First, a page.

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La Marabunta in Brazil: Indigenous Women as Biocultural Diversity Defenders

Thor Morales In Mexico, biocultural diversity is perpetuated and nurtured mainly by women. Indigenous women take care of the culture and the land: they teach the mother tongues; cook traditional foods; cure with local herbs and ancestral knowledge; retain the traditional attire; and more strictly follow the usos y costumbres (customs and habits), the traditional

Ainbon Jakon Joi: The Good Word of an Indigenous Woman

Chonon Bensho with Pedro Favaron When I was born, my parents registered my birth in the town of Yarinacocha, giving me the name Astrith Gonzales Agustín. But in Shipibo-Konibo, my mother tongue, my name is Chonon Bensho, which means “the swallow from medicine orchards.” I am heir to the knowledge of my ancestors. My husband’s

Land needs Language needs Land

Chloe Dragon Smith On the Land We feel The roots beneath our languages— Twisting and turning, gnarly, knowing. On the Land We learn With bodymindheartandsoul, The truths that shaped our words Long before they were spoken. Language is more than words and Words hold more than any language Could ever explain. Simple rhythmic sound waves

As Violent as Words: An Innu Woman’s Thoughts about Decolonizing Language

Marie-Émilie Lacroix interviewed by Marco Romagnoli “Dialogue is a way of knowing myself and of disentangling my own point of view from other viewpoints and from me, because it is grounded so deeply in my own roots as to be utterly hidden from me.” —Raimon Panikkar This is, at its simplest, the reason behind my

Editorial | Changing Our Lives, Sowing New Seeds

Langscape Magazine 9

The Other Extinction Rebellion: Countering the Loss of Biocultural Diversity Langscape Magazine Volume 9, Double Issue Summer/ Winter 2020 . With the climate emergency threatening life as we know it, an Extinction Rebellion movement has been afoot. We at Terralingua, however, believe there is another crisis against which the world should rebel too: the “biocultural

Ancestral Sayings and Indigenous Knowledge: Learning from Māori Oral Tradition

by Hēmi Whaanga and Priscilla Wehi . . E koekoe te tūī, e ketekete te kākā, e kūkū te kererū “The tūī chatters, the parrot gabbles, the wood pigeon coos.” (A saying for “It takes all kinds…”) Hēmi: As a young child, I often sat at the window of my house peering out at the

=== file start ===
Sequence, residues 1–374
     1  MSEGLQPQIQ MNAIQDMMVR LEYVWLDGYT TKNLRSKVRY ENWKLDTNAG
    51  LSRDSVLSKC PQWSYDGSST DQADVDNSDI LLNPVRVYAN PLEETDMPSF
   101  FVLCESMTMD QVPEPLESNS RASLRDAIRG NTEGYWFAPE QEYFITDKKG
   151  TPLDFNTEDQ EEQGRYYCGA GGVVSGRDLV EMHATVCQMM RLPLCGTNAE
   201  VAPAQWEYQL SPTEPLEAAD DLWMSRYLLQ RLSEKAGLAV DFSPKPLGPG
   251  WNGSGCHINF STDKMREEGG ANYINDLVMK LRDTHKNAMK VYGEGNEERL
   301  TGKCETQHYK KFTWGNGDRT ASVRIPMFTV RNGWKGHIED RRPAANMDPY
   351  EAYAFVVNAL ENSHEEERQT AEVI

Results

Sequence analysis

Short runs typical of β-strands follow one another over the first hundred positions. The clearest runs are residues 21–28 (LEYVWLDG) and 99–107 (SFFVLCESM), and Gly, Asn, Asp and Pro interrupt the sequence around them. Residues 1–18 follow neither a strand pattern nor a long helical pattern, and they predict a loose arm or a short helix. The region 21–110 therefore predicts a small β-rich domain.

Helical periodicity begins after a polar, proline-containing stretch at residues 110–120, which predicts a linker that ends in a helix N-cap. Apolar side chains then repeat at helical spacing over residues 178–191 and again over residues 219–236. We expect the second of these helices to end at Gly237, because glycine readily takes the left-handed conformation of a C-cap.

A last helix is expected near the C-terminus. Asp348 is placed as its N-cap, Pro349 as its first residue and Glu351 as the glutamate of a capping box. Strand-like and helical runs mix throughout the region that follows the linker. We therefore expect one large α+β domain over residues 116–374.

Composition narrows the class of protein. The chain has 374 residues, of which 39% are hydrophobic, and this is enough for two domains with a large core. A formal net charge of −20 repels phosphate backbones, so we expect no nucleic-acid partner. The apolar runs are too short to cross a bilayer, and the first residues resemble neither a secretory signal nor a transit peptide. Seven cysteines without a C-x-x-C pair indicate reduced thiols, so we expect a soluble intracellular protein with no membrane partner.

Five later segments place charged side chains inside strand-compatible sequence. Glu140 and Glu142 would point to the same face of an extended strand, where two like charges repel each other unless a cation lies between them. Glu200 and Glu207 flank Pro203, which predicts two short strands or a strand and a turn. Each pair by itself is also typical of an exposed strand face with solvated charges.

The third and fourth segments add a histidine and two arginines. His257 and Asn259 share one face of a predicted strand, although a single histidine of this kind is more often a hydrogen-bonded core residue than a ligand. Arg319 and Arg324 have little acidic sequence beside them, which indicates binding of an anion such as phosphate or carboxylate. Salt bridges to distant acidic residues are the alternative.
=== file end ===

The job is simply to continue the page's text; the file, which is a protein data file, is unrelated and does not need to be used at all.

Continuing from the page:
Ewaso Ng’iro Camel Caravan

biocultural diversity

Video and text by Laissa Malih (Kenyan Laikipian Maasai), age 25 The Ewaso Ng’iro Camel Caravan is a five-day annual journey for climate change adaptation and peaceful co-existence along the Ewaso Ng’iro River in Kenya. The purpose is to promote shared understanding of threats facing the river, along with the cooperation needed to lessen them. Camels are used

Can the Cenotes be Saved?

Text and photos by Yolanda López-Maldonado (Yucatec Maya, Mexico) . “This is the account of how all was in suspense, all calm, in silence; all motionless, still, and the expanse of the sky was empty. . . . There was nothing standing, only the calm water, the placid sea, alone and tranquil. Nothing existed.”   — Popol

Biocultural Heritage: The Fishing Villages of the Far North of Sweden

by Joakim Boström and Anna-Märta Henriksson (Kalix, Sweden) and Marie Kvarnström In the villages of the Kalix archipelago in the far north of Sweden, the community-based organization Kustringen is aiming to conserve local and traditional knowledge, practices, and innovations related to fishing and archipelago life in general. The archipelago lies in the Bothnian Bay, the

North East Network Farm School

biodiversity

Story by Kewekhrozo (Peter) Thopi, age 30, Chakhesang Naga (India); and Tshenyilou (Lele) Chirhah, age 26, Chakhesang Naga (India) Nagaland is a small mountain state in the North East Region (NER) of India. NER is one of the world’s biodiversity hotspots, and the diverse ethnic communities of the region have significantly contributed to sustaining this